Why Charles changed his mind about where to live in retirement

Left Facing Red For Rent Real Estate Sign in Front of Beautiful House.

Image: Andy Dean Photography/Bigstock.com

I was being interviewed by Sydney’s Radio 2UE. The conversation was about how to work out where to live in retirement. That’s when Charles phoned in with his story.

One of the dangers of deciding where to live in retirement is to pick a favourite place—often a holiday destination you’ve enjoyed—without enough thought. This can be a problem, particularly if you’ve only ever been there in the holiday season.

A holiday destination can be quite different in the non-holiday season. This can mean that certain facilities may not be open and the town becomes somewhat dead. Of course, if you’ve been visiting in the off-season to avoid the crowds, you need to see it during the holiday season.

I’d suggested that it’s worth living in the place for three months to experience what it’s really like. That’s when Charles called in.

He said something like this: ‘That guy you’ve got there is right!’

Charles lived in Sydney but had holidayed regularly in Queensland. When it came to retirement he thought his holiday spot would make a great retirement setting. That’s when he did the wise thing.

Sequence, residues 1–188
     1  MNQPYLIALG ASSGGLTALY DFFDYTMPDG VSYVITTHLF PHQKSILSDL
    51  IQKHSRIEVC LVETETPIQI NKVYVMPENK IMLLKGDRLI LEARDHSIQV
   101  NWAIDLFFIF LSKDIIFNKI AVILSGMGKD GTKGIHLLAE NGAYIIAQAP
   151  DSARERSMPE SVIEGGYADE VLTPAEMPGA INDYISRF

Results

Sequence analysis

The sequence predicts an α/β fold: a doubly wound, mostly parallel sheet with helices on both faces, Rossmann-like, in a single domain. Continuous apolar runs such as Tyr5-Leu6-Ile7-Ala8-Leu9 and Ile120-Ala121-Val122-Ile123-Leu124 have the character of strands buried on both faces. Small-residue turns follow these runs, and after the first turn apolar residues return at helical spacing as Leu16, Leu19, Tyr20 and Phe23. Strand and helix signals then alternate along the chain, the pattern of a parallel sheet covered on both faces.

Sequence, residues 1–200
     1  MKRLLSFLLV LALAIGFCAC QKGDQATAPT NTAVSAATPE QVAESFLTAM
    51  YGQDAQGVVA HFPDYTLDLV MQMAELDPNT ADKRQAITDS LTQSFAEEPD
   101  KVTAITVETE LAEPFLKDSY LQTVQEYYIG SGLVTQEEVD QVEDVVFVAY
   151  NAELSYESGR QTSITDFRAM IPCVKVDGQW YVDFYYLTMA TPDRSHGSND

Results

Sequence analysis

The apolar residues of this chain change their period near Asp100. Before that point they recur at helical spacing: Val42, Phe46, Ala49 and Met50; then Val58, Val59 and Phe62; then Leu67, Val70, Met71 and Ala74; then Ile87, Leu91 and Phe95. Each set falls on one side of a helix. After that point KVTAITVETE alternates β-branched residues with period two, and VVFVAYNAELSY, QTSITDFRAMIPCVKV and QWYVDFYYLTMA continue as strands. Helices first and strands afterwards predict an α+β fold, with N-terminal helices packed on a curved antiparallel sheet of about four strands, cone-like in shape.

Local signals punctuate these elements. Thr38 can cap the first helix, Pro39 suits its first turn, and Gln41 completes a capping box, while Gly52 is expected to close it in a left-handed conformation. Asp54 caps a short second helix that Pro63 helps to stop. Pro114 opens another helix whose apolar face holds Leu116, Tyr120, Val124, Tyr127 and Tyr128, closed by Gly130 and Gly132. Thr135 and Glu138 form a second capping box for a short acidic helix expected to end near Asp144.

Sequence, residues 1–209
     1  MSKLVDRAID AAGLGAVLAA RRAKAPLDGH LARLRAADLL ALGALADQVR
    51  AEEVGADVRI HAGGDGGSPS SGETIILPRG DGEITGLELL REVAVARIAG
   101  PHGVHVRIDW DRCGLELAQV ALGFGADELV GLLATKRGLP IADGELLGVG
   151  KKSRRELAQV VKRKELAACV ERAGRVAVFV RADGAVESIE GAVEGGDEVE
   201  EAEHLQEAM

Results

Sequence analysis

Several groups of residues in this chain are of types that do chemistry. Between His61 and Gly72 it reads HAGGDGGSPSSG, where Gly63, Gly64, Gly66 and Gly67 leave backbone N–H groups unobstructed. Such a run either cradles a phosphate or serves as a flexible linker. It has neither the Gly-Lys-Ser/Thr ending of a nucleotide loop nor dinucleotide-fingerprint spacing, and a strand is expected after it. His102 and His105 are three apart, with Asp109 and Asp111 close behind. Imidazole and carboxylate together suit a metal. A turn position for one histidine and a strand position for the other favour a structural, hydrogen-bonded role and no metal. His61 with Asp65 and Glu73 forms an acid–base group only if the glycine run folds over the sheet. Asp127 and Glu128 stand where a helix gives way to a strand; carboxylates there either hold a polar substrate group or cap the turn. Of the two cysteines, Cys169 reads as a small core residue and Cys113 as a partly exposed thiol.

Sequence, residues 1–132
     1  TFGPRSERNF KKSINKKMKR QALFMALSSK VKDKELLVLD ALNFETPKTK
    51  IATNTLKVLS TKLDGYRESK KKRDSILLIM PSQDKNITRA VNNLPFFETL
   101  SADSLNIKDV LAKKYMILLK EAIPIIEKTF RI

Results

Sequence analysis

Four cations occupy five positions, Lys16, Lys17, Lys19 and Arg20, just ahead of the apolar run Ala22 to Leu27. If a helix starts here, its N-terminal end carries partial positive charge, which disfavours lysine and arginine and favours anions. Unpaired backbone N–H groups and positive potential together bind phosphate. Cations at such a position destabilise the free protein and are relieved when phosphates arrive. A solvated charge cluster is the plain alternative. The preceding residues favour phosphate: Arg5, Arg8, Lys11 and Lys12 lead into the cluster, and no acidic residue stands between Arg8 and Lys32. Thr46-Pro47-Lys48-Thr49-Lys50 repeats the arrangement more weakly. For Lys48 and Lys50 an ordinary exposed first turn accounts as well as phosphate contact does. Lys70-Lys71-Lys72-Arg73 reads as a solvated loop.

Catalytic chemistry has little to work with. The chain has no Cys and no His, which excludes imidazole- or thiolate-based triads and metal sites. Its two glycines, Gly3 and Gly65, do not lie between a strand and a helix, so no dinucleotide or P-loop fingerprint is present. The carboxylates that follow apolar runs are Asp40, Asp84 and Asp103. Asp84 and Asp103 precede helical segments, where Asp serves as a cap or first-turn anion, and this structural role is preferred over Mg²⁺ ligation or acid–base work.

He rented out his Sydney house for six months and rented a home where he was thinking of living out his retirement years.

It was a good decision. He discovered that in the off-season the town was almost empty and there was very little to do. He hated it.

‘I love Sydney,’ he said, and he may still shift, but not too far away. He wants to have access to what Sydney offers.

There are many ways you can test or check out a potential retirement place. That can include reading their local papers—perhaps online; talking to the locals; talking to local council or shire officers; and so on.

Don’t forget to ask about the weather in the off-season—and particularly about any weather events that can cause trouble. It may be time for that 20-year event again. Or that 20-year event may decide to come in four years.

You can gather a lot of helpful information. But the most helpful way is to experience it. Several months is best.

Bruce Manners: the author of Retirement Ready?, Refusing to Retire, and founder of RetireNotes.com

Category: Where to Live

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